The Lown Institute Vignette Competition challenges medical students and trainees to shine a light on everyday overuse and underuse – common practices that either give patients unnecessary tests and procedures, or that fail to give patients necessary care. Sharing stories of the downstream consequences of overuse can be a powerful counterbalance to the ‘more is better’ culture and can help clinicians recognize and avoid overuse.
This year, we received vignette submissions from students and trainees all over the country (and internationally!) on topics from avoiding polypharmacy to inappropriate stenting to navigating clinical guidelines.
We’re publishing the top vignettes on our website. Learn more about the competition and read all the vignettes here.
Valeria Chew, MD Candidate, Drexel University College of Medicine
Jian Liang Tan, MD, Crozer-Chester Medical Center
Kshitij Thakur, MD, Crozer-Chester Medical Center
A 63-year-old female with history of glaucoma, well-controlled hypertension and diabetes mellitus type II was at her primary care physician office for a preoperative evaluation prior to her left eye glaucoma surgery. She was well and had no functional limitation at baseline. Physical examination was unremarkable. Complete blood count and Complete metabolic panel (CMP) were ordered by ophthalmologist as part of the preoperative evaluation. An electrocardiogram (ECG) was performed which revealed sinus bradycardia with a heart rate of 47 beats per minute. The nurse practitioner who was evaluating the patient decided to refer her to the cardiologist for further evaluation prior to the surgery. The patient was evaluated by her cardiologist and was reassured multiple times that the ECG finding was benign and warranted no further investigation. She proceeded with the glaucoma surgery the following month and had an uneventful recovery.
Preoperative evaluation for noncardiac surgery is one of the most common assessment routinely performed by primary care physicians in the outpatient setting. The goals of the assessment are to stratify risk, optimize patient condition preoperative and minimize postoperative complications. Physician often tends to overorder medical tests on a low-risk patient during the preoperative evaluation with the perception that more care is better care, or even that less care is subpar. A survey conducted by Heather Lyu et al revealed that close to 20% of the medical care was deemed unnecessary, with ¼ of them fell in the category of unnecessary tests, and majority of the respondents cited fear of malpractice and patient pressure or request.1
Preoperative risk assessment consists of history, physical examination, perioperative cardiac risk stratification, and appropriate perioperative testing. A focused history and physical examination are the very first step to identify any undiagnosed or underlying decompensated conditions that may warrant further clinical investigations.2 The Ophthalmology Society Choosing Wisely Guidelines recommend against routine medical tests prior to eye surgery in an otherwise asymptomatic patient, unless the history or physical examination indicates the need for a test. A recent study looking at preoperative testing prior to cataract surgery had shown that unnecessary preoperative testing cost Medicare around $45.4 million annually, albeit the recommendations against preoperative testing before low-risk surgeries.3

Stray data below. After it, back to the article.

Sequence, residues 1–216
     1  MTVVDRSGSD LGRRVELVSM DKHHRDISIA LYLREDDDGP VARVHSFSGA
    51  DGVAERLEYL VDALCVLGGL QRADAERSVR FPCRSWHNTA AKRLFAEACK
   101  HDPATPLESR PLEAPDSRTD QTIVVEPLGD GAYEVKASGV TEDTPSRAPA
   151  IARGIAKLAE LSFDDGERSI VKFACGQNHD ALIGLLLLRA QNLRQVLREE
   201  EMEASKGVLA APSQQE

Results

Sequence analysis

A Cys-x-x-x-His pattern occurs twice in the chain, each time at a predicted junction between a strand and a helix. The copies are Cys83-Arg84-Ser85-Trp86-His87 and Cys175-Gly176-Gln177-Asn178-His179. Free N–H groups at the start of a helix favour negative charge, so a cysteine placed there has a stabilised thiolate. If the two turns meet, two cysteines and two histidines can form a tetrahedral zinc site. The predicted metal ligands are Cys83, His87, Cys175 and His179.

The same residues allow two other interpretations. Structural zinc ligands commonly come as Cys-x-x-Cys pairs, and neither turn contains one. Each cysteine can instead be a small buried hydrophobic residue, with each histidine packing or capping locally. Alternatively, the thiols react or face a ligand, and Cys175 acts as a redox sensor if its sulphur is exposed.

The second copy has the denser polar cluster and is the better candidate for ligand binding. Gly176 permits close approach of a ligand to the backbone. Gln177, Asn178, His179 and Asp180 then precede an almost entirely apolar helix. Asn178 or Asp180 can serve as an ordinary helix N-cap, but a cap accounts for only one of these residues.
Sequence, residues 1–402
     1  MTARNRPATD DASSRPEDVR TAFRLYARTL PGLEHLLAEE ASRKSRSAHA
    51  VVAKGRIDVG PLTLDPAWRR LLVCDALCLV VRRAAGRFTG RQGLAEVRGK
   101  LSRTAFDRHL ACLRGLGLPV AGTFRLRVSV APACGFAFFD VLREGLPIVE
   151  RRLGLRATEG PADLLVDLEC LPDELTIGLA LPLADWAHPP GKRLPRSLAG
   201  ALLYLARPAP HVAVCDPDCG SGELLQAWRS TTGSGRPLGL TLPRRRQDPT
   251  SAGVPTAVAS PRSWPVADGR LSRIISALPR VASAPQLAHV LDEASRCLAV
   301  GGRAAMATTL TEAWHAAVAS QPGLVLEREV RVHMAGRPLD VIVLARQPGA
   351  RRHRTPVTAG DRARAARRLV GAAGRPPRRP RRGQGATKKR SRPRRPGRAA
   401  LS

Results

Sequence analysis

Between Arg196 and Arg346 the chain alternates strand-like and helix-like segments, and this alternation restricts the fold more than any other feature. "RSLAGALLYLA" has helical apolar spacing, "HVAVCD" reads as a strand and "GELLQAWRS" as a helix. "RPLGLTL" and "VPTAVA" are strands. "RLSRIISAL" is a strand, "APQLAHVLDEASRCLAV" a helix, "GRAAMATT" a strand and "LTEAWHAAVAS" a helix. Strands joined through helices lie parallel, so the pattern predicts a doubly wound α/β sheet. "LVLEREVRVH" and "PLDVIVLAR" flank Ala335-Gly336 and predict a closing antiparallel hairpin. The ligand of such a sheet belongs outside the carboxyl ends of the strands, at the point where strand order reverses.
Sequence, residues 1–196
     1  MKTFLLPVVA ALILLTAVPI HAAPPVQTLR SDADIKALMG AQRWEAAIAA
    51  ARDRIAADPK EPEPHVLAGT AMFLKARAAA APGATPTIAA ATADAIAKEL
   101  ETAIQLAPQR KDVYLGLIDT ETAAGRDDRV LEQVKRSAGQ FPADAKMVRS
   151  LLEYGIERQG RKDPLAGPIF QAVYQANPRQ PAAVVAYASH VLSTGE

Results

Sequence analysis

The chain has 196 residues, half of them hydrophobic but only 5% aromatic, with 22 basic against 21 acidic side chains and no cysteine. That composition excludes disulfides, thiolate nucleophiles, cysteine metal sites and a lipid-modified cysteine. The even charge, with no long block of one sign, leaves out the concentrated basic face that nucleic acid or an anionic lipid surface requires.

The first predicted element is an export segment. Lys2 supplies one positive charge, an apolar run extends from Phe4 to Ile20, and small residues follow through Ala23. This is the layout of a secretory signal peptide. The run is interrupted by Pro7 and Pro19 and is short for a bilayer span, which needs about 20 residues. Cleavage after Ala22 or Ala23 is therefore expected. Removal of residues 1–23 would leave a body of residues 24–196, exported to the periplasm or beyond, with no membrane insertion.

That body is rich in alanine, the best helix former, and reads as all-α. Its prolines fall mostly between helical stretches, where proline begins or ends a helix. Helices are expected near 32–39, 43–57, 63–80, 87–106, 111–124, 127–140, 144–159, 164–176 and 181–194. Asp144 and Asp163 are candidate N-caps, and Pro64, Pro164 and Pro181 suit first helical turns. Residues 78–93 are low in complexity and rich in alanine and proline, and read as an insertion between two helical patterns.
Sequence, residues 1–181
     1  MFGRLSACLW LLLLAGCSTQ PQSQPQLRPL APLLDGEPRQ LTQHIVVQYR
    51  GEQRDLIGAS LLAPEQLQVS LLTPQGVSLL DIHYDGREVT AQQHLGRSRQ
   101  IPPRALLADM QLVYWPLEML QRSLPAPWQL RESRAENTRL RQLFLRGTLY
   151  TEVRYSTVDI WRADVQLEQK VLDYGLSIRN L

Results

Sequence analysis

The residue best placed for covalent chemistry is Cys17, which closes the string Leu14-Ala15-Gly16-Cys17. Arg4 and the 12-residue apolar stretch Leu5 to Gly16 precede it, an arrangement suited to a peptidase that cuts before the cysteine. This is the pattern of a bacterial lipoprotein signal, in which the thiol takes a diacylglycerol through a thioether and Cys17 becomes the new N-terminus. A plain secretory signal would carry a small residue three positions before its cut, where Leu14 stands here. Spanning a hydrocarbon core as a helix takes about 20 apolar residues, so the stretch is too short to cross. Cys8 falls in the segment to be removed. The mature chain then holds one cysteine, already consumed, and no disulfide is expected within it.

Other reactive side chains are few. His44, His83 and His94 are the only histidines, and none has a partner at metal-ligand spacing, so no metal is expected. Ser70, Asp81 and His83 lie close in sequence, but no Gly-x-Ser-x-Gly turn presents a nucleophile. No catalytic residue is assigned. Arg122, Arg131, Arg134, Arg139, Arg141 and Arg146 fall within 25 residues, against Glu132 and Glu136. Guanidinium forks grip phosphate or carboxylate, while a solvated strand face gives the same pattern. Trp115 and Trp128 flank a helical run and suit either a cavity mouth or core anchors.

Various risk models were used to estimate the perioperative risk of major adverse cardiac event (MACE) and guide laboratory testing.2 The revised Cardiac Risk Index, an externally validated tool, is commonly used to predict the risk of MACE. Our patient has a low-risk of MACE as her estimated risk was at 0.9%. The guidelines recommend against preoperative cardiac testing (cardiac stress test, echocardiography, 24-hour ambulatory monitoring) in low cardiac risk patient and patient may proceed with the surgery without further cardiac tests.2 It is also important to determine the type of surgery during the preoperative risk assessment as high-risk surgical procedure (major vascular surgery, major abdominal surgery, pneumonectomy, esophagectomy, adrenal resection or lung, liver or pancreas transplantation) often has greater surgical adverse events and it may require a comprehensive workup prior to the surgical procedure. The converse is true for eye surgery, where it is categorized as a low-risk surgical procedure, (breast, dental, thyroid, endoscopic or superficial surgery) which is often performed as in the outpatient setting. The American College of Cardiology Choosing Wisely Guidelines and American Family Physician recommend against routine ECG screening as part of preoperative evaluation in an asymptomatic low cardiac risk patient undergoing low-risk procedure.4 Our case is a good example to illustrate the extensive use of unnecessary workups (CBC, CMP, and ECG) in asymptomatic low cardiac risk patient who was evaluated in the clinic prior to her low-risk surgical procedure.
Unnecessary tests can be burdensome to the patients as well as the healthcare cost as they often cause false alarms and anxiety which may lead to overdiagnosis and overtreatment. These may inadvertently cause patient harm due to unnecessary imaging (radiation exposure), consultations/referrals or procedures (non-invasive and invasive) and delay in operative plans. According to Mark Smith et al, a 50% reduction in unnecessary tests and procedures could potentially save $105 billion annually (approximately 4% of the total national healthcare spending).5
In summary, reducing unnecessary tests and procedures in preoperative risk assessment among patient undergoing surgical procedure aim to provide cost-effective and high-value care for our patients. Remember that “less is more.”